…loves to use the ideal of competitive free markets as the solution to all kinds of social problems. Though the vaunted Free Market has no incentives to, say, take care of babies with cancer, a well-functioning market can definitely be a great way to see which provider offers the cheapest …
Are you really going to indirectly compare “babies with cancer” and “getting a ride?”
If anyone was wondering why the endlessly breathless hipster-press gets the stink-eye, I think I can hook you up.
When you open your article — when the lead paragraph — is patent bullshit, you significantly undercut your credibility.
“Though the vaunted free market has no incentives to, say, take care of babies with cancer.”
You mean, aside from all those people who care about babies with cancer? Some of whom have babies with cancer, some of whom just care that there are babies with cancer, many of whom are medical professionals who went into the business because of babies with cancer, outside of all the researchers who are focused on issues around babies with cancer, because a vast number of people care about babies with cancer and are willing to — and this is where the free market comes in — actually spend their own money in order to “take care of babies with cancer.”
Like, here in reality. Apparently not where you live.
See, markets offer an opportunity for consumers to signal that they would like toilet paper, or a bushel of apples, or care for babies with cancer — because they want those things. Because they want those things, they are willing to give resources to another person who is able or interested in providing those things. Willingly.
Once you start applying external pressure to markets, i.e. making them “not free,” you distort the markets. If the government artificially depresses the cost of a bushel of apples, everybody wants more apples and fewer people are interested in providing those apples. Scarcity increases. If the government regulates the fiber content of toilet paper, along with creates an increasingly Baroque set of regulations geared to “protect the consumer” (ultimately by restricting their choice), not only do fewer people want governmentally regulated toilet paper because they have fewer choices that appeal to them, fewer companies want to provide that regulated toilet paper.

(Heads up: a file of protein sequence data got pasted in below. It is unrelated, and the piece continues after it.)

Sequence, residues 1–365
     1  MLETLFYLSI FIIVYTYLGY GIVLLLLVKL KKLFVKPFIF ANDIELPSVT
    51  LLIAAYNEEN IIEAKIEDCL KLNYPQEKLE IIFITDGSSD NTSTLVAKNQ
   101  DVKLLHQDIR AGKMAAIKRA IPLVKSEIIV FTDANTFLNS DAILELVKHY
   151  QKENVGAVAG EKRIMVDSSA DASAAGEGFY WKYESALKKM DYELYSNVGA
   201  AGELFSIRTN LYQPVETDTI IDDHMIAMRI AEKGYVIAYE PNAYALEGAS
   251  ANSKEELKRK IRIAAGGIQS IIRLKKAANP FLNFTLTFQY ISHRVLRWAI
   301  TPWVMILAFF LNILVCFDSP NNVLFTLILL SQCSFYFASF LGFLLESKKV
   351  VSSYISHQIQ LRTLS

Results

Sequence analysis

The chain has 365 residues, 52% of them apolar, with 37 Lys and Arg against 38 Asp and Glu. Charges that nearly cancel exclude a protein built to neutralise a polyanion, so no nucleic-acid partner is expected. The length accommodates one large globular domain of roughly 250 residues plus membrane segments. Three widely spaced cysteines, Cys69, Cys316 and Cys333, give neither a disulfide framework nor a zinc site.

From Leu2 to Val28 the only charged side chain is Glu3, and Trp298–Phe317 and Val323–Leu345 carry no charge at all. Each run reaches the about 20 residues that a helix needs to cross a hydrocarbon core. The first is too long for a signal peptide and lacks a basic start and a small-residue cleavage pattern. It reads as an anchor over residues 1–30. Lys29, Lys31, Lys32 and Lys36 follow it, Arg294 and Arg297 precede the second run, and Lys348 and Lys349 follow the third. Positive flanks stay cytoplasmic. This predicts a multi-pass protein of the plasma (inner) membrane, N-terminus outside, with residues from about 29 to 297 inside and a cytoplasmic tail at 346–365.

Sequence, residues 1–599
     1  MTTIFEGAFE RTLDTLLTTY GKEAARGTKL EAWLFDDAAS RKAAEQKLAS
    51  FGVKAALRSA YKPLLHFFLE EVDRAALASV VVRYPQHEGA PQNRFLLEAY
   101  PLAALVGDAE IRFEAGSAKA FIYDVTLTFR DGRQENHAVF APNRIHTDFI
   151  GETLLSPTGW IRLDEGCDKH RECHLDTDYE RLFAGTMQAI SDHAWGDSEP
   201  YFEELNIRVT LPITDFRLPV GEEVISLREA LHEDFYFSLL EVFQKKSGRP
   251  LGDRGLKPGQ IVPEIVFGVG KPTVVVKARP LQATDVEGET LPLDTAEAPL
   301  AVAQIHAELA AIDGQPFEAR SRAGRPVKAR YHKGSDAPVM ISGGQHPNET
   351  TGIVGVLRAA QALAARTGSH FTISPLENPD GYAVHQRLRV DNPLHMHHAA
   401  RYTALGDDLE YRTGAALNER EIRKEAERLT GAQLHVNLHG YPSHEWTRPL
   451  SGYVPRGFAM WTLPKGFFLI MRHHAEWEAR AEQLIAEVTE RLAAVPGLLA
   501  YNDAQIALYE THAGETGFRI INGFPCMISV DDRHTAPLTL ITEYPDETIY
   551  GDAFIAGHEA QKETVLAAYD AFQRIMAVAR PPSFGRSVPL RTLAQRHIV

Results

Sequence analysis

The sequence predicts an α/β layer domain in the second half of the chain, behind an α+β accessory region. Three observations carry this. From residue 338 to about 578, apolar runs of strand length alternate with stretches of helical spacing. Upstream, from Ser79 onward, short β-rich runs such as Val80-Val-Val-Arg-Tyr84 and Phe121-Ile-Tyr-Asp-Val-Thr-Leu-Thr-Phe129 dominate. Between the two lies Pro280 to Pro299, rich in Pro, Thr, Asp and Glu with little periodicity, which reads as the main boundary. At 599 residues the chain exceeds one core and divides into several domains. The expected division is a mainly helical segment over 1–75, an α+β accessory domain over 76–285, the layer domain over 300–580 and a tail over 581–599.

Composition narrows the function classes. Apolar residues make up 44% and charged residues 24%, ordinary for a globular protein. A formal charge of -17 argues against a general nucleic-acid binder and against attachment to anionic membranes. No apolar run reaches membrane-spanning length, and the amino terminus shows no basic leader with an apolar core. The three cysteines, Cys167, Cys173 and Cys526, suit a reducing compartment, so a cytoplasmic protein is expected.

Now, people really want to take care of babies with cancer. It’s a hot button issue. There is no question that a lot of people are very interested in taking care of babies with cancer. However, caring about taking care of babies with cancer is not magic just because people care about it more at an emotional level. The magnitude of that care may be the only saving grace when pressures external to the market (and here I mean governmental intervention but it applies equally to any sort of external pressure) begin to intervene, reducing choices, introducing new regulatory costs, artificially depressing the amount that providers who, in fact, really want to take care of babies with cancer, can ask for that very much demanded service.
You can’t just wave your Baby Wand and make the last several hundred years of experience with economics and markets suddenly conform to your narrative — I don’t care who you are.
One could even take it as more than slightly insulting to your audience that you open by making an appeal to “taking care of babies with cancer”, one of the most highly regulated and externalized markets in our economy and then proceed to talk about distorting external pressures making markets not work in Lyft and Uber.
You go from something intensely personal and critical (like taking care of babies with cancer) and go off to talk about “getting a ride.” That’s not a tone mismatch; that’s a tone whiplash of a magnitude that rivals Thai action films.
That’s embarrassing. Truly, truly embarrassing.